Legislature. StateImpact reviews the legislative session and talks about parental choice legislation with Senate Education Chairman John Legg.


Private schools. A man hopes to open a small private school to better meet the needs of some children. South Florida Times.

Common Core. The Miami Herald captures Gov. Rick Scott on video as he explains his stance on the standards to a crowd of protestors.

Teachers. Pinellas County public school teachers feel they are over-worked and students are over-tested. Tampa Tribune. Several Broward and Palm Beach County teachers face state discipline. Sun-Sentinel.

Budgets. Palm Beach County school district is projecting a budget shortfall. Extra Credit. School board members worry a last-minute budget blitz in the waning days of the legislative session could backfire politically. Extra Credit. Pasco’s superintendent plans to start re-investing in school staffs. Tampa Bay Times. Collier County schools expect to dip into their reserves. Naples Daily News.

Special needs. Exceptional students in Jacksonville – including those who attends Christian schools – learn about art at a local museum. Florida Times-Union. A program helps them prepare for careers. Naples Daily News.

School district employees. Palm Beach County’s internal schools watchdog is accused of retaliation. Sun-Sentinel. A former Manatee school board attorney is feuding with the district. Bradenton Herald. A former Manatee High employee said her firing was a case of retaliation. Sarasota Herald-Tribune.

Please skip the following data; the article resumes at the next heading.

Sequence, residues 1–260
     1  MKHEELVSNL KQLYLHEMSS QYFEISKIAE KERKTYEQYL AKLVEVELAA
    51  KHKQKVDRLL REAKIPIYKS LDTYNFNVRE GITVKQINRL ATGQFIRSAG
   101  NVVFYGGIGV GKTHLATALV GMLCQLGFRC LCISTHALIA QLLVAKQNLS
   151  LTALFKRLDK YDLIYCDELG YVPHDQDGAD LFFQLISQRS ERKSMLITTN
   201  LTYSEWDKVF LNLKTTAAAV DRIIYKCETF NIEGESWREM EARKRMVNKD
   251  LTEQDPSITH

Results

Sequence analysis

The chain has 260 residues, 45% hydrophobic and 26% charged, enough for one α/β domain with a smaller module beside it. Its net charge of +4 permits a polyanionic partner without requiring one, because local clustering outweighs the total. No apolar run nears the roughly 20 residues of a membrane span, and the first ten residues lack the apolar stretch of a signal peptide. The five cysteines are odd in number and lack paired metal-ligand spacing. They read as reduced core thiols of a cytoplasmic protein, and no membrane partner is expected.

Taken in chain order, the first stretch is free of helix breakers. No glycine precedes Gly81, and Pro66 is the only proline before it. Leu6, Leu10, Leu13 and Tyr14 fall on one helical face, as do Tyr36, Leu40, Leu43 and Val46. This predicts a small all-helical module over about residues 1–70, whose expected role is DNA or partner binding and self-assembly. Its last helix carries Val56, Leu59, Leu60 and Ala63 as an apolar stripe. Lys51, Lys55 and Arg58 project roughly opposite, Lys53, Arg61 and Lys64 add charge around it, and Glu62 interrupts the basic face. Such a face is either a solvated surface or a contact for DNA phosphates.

Facilities. A Pinellas County high school is set to be torn down and rebuilt. Tampa Bay Times.

STEM. Middle schoolers  learn about DNA. Bradenton Herald.

Moms. Hernando County graders read mothers-day poetry. Tampa Bay Times.

Lunch. Manatee County’s district food and nutritional director receives national recognition. Bradenton Herald.

Report shows uneven spread of school choice in Florida

While school choice in Florida has continued to mature, the array of options – and the information parents receive – can vary greatly from one school district to the next.

That’s one of the findings from a recent report produced by the state Department of Education, which is intended to measure school districts’ compliance with state school choice policies.

The data can be surprising. The proliferation of charter schools might get a lot of ink in Florida’s seven largest urban districts. But as a percentage of enrollment, they play a larger role in a handful of rural areas and exurban enclaves.

In Franklin County, a single charter school serves nearly half the district’s students. In Glades County, a K-8 devoted to preserving the traditions of the Seminole Tribe serves nearly 15 percent of the student population – a larger proportion than urban Miami-Dade (where charters serve about 13 percent of students) or Palm Beach (7 percent).